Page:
Freddie Mac deja vu?
Among Freddie Mac's four largest mortgage “servicers” that handled about 20,000 complaints over a 14-month period, not one reported a single case of fraud or regulatory violation, according to a new audit.
Yep, everything's hunky-dory, based on the supposed due diligence by mortgage servicers Bank of America Corp., CitiMortgage, Provident and Wells Fargo & Co. Not that any of this is unusual.
Based on the audit by the Federal Housing Finance Agency's inspector general, 98 percent of Freddie Mac's mortgage servicers that collect payments and deal with borrowers reported no so-called “escalated” cases. We're talking about a mortgage giant, propped up by taxpayers, that guarantees more than 10.6 million residential mortgages worth an estimated $1.6 trillion.
“Mortgage servicers, Freddie Mac and the FHFA have not adequately fulfilled their respective responsibilities,” according to the audit reported by the Los Angeles Times.
In effect, these so-called mortgage managers, supposedly Freddie Mac's ground troops in dealing with borrowers, aren't complying with basic reporting requirements, according to the IG. And given this level of “oversight,” we return to a frighteningly familiar question: Are today's mortgages worth the paper on which they're written?
Such lackadaisical regard is more reason to break up mortgage monstrosity Freddie Mac and its equally ugly sister, Fannie Mae.
Show commenting policy
TribLive commenting policy
You are solely responsible for your comments and by using TribLive.com you agree to our Terms of Service.
We moderate comments. Our goal is to provide substantive commentary for a general readership. By screening submissions, we provide a space where readers can share intelligent and informed commentary that enhances the quality of our news and information.
While most comments will be posted if they are on-topic and not abusive, moderating decisions are subjective. We will make them as carefully and consistently as we can. Because of the volume of reader comments, we cannot review individual moderation decisions with readers.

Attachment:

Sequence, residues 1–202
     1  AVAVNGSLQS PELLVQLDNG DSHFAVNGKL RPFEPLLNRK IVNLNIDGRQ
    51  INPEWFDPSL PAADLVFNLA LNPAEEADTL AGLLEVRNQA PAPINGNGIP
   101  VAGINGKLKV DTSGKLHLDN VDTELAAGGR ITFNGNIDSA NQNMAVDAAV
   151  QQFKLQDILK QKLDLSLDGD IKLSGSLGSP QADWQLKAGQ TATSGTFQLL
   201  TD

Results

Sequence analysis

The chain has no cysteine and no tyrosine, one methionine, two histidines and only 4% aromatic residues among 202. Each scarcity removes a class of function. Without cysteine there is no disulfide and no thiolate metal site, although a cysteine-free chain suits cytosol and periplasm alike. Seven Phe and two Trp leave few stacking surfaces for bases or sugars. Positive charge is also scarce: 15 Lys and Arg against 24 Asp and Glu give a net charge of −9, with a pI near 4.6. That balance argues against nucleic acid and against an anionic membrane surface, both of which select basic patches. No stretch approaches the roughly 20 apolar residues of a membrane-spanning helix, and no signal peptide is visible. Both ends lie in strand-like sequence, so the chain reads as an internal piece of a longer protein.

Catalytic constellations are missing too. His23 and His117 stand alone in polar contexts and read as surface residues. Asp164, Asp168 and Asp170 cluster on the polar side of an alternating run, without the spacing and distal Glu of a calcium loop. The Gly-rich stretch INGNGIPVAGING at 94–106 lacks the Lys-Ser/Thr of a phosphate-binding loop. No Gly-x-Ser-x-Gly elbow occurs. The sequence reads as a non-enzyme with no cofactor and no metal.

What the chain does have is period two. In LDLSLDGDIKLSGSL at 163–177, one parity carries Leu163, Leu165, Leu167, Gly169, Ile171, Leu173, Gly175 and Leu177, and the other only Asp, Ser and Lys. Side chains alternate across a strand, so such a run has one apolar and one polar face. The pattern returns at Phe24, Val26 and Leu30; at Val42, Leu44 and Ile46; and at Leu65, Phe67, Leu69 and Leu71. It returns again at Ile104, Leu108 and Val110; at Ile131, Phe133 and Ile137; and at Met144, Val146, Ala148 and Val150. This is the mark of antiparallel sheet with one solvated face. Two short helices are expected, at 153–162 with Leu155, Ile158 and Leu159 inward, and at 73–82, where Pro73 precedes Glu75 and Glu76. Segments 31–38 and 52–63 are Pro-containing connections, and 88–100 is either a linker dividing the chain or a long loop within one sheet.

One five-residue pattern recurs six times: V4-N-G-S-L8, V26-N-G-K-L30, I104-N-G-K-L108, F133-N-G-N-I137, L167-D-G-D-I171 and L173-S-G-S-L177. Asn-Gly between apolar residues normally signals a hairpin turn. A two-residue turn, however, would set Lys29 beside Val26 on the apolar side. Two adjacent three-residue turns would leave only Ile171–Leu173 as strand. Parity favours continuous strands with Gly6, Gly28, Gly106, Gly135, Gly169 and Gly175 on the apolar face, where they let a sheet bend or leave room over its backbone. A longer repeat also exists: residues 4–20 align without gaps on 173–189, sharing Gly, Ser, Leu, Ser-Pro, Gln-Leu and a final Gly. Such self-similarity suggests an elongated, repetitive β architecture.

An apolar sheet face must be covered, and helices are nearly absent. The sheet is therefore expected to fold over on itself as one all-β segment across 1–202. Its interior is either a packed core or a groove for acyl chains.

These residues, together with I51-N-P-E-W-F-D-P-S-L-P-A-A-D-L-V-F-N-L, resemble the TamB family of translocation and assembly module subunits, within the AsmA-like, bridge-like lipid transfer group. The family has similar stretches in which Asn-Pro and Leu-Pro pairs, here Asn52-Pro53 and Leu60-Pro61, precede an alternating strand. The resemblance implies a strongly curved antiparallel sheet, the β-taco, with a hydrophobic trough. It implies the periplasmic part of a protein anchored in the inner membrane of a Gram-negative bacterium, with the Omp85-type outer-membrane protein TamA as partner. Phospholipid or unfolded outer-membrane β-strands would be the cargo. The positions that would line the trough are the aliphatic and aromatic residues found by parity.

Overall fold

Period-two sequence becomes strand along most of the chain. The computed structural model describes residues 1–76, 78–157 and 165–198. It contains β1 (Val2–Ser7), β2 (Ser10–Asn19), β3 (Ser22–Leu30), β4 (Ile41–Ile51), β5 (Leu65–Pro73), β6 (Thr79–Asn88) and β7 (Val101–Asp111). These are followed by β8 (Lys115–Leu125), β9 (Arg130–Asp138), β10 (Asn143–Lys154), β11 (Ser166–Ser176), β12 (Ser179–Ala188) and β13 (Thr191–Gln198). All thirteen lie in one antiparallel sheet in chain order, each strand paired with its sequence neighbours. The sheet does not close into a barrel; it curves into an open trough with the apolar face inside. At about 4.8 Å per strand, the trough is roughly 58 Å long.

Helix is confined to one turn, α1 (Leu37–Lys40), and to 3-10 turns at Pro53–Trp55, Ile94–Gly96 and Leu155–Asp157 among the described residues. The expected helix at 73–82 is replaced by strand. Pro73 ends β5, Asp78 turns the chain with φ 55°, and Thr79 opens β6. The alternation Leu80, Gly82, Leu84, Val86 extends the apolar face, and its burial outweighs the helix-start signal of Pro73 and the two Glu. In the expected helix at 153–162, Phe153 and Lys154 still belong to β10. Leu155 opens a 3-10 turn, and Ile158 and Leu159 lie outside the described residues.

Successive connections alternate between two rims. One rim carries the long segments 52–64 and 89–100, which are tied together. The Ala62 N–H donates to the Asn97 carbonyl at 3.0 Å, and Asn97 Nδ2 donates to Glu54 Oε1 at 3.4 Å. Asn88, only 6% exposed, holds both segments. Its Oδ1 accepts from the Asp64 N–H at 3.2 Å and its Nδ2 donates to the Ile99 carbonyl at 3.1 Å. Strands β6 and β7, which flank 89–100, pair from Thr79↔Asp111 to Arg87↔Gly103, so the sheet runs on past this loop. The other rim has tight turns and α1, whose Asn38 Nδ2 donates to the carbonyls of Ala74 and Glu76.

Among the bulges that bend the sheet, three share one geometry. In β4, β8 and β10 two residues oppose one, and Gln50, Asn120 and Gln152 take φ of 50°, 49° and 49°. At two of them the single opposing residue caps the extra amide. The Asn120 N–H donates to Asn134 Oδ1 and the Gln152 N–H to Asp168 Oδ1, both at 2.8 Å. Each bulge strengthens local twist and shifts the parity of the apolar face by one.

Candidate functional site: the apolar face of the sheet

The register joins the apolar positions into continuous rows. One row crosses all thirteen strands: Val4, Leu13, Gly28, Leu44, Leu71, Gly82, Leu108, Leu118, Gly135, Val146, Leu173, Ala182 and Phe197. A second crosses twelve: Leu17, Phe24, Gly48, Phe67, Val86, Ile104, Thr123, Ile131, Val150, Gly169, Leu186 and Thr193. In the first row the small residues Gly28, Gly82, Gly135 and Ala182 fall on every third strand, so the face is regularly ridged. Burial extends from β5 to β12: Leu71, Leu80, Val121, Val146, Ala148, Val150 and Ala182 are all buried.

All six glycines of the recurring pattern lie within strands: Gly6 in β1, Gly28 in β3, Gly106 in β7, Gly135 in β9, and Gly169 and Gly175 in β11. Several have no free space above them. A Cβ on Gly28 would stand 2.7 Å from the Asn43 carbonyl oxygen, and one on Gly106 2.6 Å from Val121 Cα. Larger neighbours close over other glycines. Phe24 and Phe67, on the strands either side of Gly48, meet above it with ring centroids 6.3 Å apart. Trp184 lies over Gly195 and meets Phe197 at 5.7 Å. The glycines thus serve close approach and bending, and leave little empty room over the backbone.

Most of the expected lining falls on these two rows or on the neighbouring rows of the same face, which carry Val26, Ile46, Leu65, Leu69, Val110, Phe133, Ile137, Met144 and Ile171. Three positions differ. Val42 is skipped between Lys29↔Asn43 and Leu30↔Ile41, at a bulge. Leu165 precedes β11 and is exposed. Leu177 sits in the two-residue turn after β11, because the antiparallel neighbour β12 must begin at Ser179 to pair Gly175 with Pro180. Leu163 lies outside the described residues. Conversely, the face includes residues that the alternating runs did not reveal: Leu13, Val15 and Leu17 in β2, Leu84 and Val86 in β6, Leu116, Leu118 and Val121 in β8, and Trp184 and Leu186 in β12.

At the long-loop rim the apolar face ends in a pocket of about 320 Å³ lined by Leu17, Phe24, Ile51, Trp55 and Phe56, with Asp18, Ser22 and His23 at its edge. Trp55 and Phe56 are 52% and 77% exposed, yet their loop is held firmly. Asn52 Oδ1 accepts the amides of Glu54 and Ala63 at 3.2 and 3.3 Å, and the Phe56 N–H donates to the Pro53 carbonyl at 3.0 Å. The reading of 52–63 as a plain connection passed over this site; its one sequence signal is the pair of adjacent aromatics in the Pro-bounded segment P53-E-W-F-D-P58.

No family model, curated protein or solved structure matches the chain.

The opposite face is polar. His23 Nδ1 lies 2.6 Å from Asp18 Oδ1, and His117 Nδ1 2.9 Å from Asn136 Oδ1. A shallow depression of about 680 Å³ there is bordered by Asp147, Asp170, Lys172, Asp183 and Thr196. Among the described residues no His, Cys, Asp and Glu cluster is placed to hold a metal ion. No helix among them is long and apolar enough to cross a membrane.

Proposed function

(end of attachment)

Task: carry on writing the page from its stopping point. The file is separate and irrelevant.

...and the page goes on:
We value thoughtful comments representing a range of views that make their point quickly and politely. We make an effort to protect discussions from repeated comments either by the same reader or different readers.
We follow the same standards for taste as the daily newspaper. A few things we won't tolerate: personal attacks, obscenity, vulgarity, profanity (including expletives and letters followed by dashes), commercial promotion, impersonations, incoherence, proselytizing and SHOUTING. Don't include URLs to Web sites.
We do not edit comments. They are either approved or deleted. We reserve the right to edit a comment that is quoted or excerpted in an article. In this case, we may fix spelling and punctuation.
We welcome strong opinions and criticism of our work, but we don't want comments to become bogged down with discussions of our policies and we will moderate accordingly.
We appreciate it when readers and people quoted in articles or blog posts point out errors of fact or emphasis and will investigate all assertions. But these suggestions should be sent via e-mail. To avoid distracting other readers, we won't publish comments that suggest a correction. Instead, corrections will be made in a blog post or in an article.
- The regulatory state: EPA picks a fight
- Holiday Gift Club: The spirit of the season
- A manger’s light
- Ford City’s solution: Good side to cop cuts
- Obama’s Cuba deal: More appeasement
- Pittsburgh Tuesday takes
- The Kane chronicles: Meaningless moves
- U.N. Watch: Resist the temptation
- Picking winners & losers: Stop the idiocy
- Alle-Kiski Tuesday takes
- Alle-Kiski Laurels & Lances